Jokes are made about Abraham Lincoln’s assassination, for example  Booth always mentions shooting people if they don’t do as he pleases (‘Anybody not calling me 3-Card gets a bullet’, p.24). The significance of a black person impersonating Abraham Lincoln is made clear by Booth : ‘You aint going back but you going all the way back. Back to way back then when folks was slaves and shit’ (p.27). President Lincoln is in fact remembered for ending slavery via the Civil War and was assassinated by a Confederate supporter, thus you can understand the irony of a black person impersonating Lincoln and getting shot at. Booth  also shoplifts, while Lincoln has stopped any illegal activity and has accepted a job where he is aware that he is being paid less than a white person would. Booth is the underdog, while Lincoln is the topdog, who has quitted the underlife. They are brothers who, like Cain and Abel, are destined to kill one another (their names are the result of their father’s idea of a joke), unless...

"For colored girls who considered suicide / When the Rainbow is Enuf" by Ntozake Shange

This is a "choreopoem", meaning poetry dressed for the stage where the actors also dance. It is a brilliant idea and I'd love to see the movie it has been made out of it. The characters are seven women who are defined by the colour of their dress (Lady in Green, Lady in Red and so on). They recite poems, but the boundaries between them are not clear-cut. The seven women on stage relate their experiences and musings regarding abortion, domestic violence,   AIDS, womanhood and, of course, race. This play, first performed in 1975, was very successful and it was adapted in many countries of the world. It is my favourite of the three plays I am telling you about: some of the poems make you shudder. They are powerful, they have rhythm and life.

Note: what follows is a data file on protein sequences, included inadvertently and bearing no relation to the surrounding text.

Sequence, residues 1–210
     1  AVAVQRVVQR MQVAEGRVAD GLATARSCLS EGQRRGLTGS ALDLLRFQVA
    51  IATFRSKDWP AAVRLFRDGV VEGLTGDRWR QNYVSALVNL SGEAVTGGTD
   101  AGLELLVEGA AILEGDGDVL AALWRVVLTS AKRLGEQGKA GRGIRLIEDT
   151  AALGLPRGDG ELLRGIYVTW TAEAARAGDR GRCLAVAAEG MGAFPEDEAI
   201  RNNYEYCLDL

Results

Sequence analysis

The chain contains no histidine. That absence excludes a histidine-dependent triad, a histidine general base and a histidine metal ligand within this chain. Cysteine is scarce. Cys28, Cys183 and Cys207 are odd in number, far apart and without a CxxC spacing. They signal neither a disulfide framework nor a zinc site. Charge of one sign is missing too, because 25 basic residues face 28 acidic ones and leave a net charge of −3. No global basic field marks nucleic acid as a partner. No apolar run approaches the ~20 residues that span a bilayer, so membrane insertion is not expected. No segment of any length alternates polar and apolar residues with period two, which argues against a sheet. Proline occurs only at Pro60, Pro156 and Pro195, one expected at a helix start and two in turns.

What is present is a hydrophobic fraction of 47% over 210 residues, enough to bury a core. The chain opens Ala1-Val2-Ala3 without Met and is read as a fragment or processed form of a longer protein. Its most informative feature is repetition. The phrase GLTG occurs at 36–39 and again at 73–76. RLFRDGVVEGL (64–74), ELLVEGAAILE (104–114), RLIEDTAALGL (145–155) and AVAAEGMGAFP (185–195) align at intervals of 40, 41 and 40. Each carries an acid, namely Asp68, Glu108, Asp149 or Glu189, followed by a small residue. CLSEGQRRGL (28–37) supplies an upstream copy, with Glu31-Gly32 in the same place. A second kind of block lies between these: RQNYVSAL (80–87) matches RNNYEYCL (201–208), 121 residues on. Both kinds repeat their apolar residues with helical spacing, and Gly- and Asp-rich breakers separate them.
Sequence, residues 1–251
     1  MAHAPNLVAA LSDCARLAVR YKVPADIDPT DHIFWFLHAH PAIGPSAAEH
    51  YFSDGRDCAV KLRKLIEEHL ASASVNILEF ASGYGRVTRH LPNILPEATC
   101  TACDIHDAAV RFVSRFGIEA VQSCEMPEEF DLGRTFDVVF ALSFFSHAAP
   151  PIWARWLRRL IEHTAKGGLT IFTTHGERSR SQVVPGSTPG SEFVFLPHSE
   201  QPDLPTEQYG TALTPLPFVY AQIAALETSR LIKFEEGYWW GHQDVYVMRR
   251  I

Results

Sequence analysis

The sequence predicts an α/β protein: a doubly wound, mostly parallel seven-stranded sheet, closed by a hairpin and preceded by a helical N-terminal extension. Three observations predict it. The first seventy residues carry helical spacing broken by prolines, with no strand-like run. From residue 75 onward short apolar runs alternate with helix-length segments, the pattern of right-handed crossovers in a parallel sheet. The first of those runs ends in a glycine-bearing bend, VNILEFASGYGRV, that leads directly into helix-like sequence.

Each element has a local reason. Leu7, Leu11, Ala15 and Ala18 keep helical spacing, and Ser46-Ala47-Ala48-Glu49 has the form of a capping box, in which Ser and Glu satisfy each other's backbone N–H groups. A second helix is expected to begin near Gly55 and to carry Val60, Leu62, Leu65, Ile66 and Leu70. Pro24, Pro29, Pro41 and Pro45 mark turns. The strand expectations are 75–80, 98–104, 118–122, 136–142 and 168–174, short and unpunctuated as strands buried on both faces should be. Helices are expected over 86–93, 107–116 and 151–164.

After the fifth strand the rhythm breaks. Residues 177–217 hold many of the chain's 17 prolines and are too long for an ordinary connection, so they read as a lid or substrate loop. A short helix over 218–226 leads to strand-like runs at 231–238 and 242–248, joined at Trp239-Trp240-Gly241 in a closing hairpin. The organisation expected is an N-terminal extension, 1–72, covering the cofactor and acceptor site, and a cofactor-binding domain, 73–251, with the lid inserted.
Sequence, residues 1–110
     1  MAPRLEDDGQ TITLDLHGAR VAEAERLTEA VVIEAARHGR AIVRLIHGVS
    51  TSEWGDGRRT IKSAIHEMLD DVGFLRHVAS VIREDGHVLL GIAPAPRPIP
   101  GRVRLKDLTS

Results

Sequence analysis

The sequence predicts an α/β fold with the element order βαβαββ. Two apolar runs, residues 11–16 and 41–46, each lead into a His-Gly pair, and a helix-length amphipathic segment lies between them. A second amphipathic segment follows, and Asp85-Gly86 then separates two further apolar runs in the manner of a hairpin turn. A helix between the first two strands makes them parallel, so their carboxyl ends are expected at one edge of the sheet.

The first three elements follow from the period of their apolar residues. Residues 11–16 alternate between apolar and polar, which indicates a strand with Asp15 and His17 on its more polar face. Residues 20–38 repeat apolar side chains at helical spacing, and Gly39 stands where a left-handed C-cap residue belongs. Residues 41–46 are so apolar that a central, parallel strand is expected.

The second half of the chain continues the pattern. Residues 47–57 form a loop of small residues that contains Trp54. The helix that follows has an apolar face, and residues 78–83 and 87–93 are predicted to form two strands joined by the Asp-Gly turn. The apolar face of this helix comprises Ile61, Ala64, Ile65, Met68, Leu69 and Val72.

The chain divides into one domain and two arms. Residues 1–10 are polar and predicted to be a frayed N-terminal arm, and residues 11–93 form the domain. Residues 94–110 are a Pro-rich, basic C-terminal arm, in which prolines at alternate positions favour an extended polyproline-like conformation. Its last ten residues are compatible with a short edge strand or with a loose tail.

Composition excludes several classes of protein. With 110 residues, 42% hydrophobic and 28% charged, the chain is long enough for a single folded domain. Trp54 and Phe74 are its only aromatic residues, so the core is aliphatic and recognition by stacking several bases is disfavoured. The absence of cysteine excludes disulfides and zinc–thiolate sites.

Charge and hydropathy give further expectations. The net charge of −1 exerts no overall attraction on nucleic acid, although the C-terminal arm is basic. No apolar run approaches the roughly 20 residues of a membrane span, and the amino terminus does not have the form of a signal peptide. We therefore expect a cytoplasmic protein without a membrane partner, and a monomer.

Quoting a newspaer article I found on the web: "Shange’s poetry isn’t stylish. It isn’t elegant, and god forbid if it should be structured. That’s establishment, powder-room, sentimental stuff. The beauty of her poetry is in the slap-like, rapid-fire sound of a language liberated from convention in the same way that Shange’s women are liberating themselves from society’s strictures and assumptions in front of your eyes".